Carol & Nev

Basement Theatre, Lower Greys Ave, Auckland

15/06/2009 - 20/06/2009

Production Details



Road trip of a lifetime begins at the Basement

‘Come back from the dead to haunt the Campermatic. This is typical of you!’

New Zealand’s Flaxworks theatre company bring the world premiere of their new comedy Carol & Nev to The Basement theatre in Auckland from Monday June 15 – 20, 2009.

Phil Ormsby and Alex Ellis founders of Flaxworks and acclaimed New Zealand director Anna Marbrook are working together for the first time to bring Carol & Nev to the stage.

‘Carol & Nev is our third original show and we are very excited to work with someone as experienced as Anna who has been part of so many successful New Zealand theatre, film and television productions’ says Phil ‘Having Anna help develop Carol & Nev and now direct has been the icing on the cake.’

Flaxworks, who have spent much of 2007 and 2008 performing sell out shows of Murder by Chocolate around New Zealand and more recently garnering excellent reviews and delighting audiences at the Melbourne International Comedy Festival 2009, say they are looking forward to getting Carol & Nev up and running.

‘It is an amazing opportunity for us to perform our third show as part of the STAMP programme at THE EDGE after Biscuit & Coffee and Murder by Chocolate but also to give Auckland the first peek at Carol & Nev,’ says Alex. ‘We have never performed at The Basement before and are very excited about it’.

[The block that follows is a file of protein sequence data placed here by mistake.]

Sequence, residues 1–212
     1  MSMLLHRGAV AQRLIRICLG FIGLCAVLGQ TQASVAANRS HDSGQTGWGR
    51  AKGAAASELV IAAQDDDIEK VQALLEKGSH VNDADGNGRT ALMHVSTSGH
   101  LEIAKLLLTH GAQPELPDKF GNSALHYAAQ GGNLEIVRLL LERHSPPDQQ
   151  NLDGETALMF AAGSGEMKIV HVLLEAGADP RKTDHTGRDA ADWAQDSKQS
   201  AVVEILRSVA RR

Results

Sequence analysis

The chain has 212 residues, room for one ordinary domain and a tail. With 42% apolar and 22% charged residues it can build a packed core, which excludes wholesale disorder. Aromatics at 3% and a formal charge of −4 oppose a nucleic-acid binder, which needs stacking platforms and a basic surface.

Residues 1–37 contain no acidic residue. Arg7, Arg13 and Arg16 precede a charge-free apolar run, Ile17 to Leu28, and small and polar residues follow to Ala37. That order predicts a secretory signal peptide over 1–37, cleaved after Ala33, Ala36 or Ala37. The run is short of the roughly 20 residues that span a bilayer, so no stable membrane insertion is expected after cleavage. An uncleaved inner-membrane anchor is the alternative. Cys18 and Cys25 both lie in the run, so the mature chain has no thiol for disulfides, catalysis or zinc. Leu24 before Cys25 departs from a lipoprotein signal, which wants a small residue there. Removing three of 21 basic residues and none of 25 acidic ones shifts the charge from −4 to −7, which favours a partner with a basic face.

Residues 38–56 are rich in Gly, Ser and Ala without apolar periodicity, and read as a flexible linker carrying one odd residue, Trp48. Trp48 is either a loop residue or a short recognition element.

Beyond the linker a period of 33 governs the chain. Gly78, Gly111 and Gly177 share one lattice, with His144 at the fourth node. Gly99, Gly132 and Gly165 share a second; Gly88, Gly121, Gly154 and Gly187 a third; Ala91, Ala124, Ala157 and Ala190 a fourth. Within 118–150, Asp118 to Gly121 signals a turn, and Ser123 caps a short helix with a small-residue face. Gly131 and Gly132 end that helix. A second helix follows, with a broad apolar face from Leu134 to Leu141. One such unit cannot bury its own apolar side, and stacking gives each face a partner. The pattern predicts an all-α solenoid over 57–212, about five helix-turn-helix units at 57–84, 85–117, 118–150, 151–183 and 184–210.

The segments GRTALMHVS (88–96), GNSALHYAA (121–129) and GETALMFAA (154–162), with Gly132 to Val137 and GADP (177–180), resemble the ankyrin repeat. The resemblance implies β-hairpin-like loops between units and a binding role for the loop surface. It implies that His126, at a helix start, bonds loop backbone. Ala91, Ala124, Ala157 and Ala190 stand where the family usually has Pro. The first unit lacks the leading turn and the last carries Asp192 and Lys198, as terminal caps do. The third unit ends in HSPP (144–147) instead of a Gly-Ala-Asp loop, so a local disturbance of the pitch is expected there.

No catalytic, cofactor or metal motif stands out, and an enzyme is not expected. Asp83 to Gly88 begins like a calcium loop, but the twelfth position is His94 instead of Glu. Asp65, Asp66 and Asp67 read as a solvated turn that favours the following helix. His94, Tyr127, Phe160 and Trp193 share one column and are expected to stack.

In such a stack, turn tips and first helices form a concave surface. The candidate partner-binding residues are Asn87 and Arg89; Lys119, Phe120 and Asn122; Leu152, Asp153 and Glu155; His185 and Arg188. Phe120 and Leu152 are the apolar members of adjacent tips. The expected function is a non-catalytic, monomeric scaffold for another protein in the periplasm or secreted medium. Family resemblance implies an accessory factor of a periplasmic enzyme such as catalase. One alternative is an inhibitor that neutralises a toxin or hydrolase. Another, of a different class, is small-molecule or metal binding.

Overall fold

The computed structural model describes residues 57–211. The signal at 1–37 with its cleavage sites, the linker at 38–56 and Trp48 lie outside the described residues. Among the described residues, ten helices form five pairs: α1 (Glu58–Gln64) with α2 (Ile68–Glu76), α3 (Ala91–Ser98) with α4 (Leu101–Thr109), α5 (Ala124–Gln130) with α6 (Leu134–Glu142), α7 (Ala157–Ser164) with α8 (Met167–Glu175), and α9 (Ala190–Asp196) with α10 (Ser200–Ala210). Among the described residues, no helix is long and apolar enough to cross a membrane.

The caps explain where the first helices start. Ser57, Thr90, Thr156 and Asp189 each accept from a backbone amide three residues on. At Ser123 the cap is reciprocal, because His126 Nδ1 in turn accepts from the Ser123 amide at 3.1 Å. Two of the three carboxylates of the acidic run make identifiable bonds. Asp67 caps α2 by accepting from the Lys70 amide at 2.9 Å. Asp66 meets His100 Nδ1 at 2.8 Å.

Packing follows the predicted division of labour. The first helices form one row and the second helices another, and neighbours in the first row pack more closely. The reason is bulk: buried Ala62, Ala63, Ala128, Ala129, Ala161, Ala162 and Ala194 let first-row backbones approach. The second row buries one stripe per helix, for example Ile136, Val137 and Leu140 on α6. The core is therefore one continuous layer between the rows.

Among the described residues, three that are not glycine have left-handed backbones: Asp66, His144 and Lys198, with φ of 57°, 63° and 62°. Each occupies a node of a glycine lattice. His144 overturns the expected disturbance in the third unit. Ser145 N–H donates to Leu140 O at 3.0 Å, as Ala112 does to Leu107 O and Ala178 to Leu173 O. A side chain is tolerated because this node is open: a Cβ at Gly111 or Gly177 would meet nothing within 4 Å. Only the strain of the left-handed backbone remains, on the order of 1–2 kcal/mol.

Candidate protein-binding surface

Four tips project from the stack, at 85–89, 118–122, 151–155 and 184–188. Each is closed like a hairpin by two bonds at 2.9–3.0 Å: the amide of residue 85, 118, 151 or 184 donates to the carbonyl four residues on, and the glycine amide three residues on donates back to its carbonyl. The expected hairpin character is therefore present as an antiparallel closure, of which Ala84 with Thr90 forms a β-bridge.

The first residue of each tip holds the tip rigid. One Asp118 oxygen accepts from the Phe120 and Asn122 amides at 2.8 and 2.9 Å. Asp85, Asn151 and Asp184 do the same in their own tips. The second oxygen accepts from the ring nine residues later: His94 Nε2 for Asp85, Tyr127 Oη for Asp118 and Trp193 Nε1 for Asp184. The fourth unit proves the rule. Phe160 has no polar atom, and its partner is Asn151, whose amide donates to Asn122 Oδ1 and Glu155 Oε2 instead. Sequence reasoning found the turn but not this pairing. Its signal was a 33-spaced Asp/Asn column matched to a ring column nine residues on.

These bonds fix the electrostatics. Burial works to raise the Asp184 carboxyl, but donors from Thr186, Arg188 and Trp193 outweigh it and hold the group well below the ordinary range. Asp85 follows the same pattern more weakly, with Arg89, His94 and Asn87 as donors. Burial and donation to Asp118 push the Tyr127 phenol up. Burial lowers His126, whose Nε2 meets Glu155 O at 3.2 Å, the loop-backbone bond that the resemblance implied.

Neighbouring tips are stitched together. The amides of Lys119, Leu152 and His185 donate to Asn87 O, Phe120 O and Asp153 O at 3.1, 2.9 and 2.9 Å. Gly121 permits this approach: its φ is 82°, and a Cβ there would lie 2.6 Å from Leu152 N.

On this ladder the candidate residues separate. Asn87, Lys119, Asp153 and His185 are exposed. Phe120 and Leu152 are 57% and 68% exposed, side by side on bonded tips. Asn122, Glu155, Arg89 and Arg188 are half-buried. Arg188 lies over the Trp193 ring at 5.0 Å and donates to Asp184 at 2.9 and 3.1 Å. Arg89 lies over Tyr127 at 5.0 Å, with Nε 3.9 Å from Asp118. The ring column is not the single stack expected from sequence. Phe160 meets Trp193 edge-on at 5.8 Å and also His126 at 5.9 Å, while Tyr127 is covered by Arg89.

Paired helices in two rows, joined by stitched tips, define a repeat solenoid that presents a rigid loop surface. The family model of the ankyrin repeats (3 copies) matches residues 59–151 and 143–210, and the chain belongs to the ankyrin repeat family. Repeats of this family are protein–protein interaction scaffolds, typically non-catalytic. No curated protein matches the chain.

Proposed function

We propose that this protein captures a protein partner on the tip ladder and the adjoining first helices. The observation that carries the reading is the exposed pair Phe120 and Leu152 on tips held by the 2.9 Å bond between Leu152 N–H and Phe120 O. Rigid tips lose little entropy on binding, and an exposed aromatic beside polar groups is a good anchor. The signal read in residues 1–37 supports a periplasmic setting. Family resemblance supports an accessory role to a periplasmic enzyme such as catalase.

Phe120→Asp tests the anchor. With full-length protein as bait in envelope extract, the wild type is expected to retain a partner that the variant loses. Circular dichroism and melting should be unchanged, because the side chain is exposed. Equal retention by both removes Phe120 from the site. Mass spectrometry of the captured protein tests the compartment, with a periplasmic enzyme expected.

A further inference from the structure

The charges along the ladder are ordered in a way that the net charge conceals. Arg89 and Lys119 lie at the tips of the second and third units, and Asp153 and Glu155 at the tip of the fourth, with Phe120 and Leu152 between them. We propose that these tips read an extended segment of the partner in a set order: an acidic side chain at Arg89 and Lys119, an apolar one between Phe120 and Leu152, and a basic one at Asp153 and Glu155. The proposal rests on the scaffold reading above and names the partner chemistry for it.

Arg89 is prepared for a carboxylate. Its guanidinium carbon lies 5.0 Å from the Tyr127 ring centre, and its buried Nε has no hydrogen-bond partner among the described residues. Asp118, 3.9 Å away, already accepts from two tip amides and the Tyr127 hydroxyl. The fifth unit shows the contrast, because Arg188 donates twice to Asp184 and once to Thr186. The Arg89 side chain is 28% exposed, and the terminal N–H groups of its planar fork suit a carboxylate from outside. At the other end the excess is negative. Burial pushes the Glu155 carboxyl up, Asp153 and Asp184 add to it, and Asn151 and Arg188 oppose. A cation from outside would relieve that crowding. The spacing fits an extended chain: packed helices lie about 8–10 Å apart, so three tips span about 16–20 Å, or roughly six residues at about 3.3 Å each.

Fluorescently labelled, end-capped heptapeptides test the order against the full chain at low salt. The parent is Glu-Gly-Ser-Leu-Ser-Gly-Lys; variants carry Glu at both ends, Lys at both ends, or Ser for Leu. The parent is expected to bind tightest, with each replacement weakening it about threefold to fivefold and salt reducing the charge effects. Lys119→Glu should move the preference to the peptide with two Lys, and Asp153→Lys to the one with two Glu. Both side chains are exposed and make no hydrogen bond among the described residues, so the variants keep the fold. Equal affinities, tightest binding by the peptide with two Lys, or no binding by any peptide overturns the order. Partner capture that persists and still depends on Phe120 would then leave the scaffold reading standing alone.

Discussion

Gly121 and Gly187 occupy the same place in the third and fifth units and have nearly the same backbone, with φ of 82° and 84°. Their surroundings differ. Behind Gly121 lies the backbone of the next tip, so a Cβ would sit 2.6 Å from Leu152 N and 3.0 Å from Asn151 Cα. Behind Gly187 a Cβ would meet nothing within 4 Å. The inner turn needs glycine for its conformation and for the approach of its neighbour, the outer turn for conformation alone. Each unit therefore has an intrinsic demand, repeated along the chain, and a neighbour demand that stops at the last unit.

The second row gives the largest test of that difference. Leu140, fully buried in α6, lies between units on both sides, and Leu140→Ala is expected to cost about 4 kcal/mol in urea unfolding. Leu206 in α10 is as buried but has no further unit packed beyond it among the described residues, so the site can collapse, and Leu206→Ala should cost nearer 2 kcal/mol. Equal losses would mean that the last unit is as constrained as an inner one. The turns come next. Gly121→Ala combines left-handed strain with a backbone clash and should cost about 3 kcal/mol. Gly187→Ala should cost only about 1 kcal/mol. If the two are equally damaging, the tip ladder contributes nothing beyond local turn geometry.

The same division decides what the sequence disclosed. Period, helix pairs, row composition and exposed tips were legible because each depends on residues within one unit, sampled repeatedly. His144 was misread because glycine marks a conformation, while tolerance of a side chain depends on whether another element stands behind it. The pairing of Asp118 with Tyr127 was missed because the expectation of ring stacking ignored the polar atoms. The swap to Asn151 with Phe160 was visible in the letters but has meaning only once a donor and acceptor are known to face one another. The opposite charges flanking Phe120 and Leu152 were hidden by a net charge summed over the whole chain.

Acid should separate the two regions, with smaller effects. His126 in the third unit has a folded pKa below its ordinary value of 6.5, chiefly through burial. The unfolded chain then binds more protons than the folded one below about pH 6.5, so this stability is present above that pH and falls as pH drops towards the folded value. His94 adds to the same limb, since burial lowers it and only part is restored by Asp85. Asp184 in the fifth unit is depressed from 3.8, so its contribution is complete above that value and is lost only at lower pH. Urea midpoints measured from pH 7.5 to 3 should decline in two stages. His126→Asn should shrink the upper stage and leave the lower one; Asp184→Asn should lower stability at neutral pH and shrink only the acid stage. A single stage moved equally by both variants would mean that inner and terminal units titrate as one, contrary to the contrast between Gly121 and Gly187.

It’s the great kiwi road trip. Straight down the Island, cross Cook Strait and on to the Bach. Five toilet stops, lunch on the road, sleep on the Ferry and straight on till morning.

Carol & Nev are on the road, taking the family campervan to their daughters wedding at the bay. Only catch is Carol died in 1984.

Nev is comfortable, middle aged and has been resigned to ‘getting on with the business of life’ alone – until now. Has Carol returned from beyond the grave to haunt him for the journey? Or could Nev just be having a nervous breakdown on the eve of the wedding? Is this the beginning or the end? Whatever it is, he has 24 hours to get to his daughters wedding in the family campervan with the ghost of his dead wife trapped inside.

From the creators of Biscuit & Coffee and Murder by Chocolate comes the hilarious road trip of a life time.  Set in a van it’s a unique perspective of recent New Zealand history, a tale about the damage time wreaks on youthful ideals and the difference between growing up and giving up.

‘It has been a challenge to create a play set in such close quarters’ says Alex, ‘but from our own experience touring and spending so much time driving, that is often the time when the most enlightening, scary and hilarious conversations take place, when there’s nowhere to hide and no escape!’

‘Nev! It doesn’t matter! My dream, your nervous breakdown, it’s all the same. Wherever you’re going, I’ll be going with you.’

‘This show is about life’ says Phil ‘so many of us are concerned with ‘the business of life’ we forget to live. This play is about remembering to enjoy it’.

Carol & Nev is the journey of a life time. He must convince her she’s dead, she must convince him he’s alive!

Carol & Nev plays at The Basement, Lower Grey’s Ave, Auckland CBD
from Monday 15 – Saturday 20 June at 8pm.
Tickets available through THE EDGE Ticketing Service (09)3573355 or www.the-edge.co.nz

For more information visit www.flaxworks.com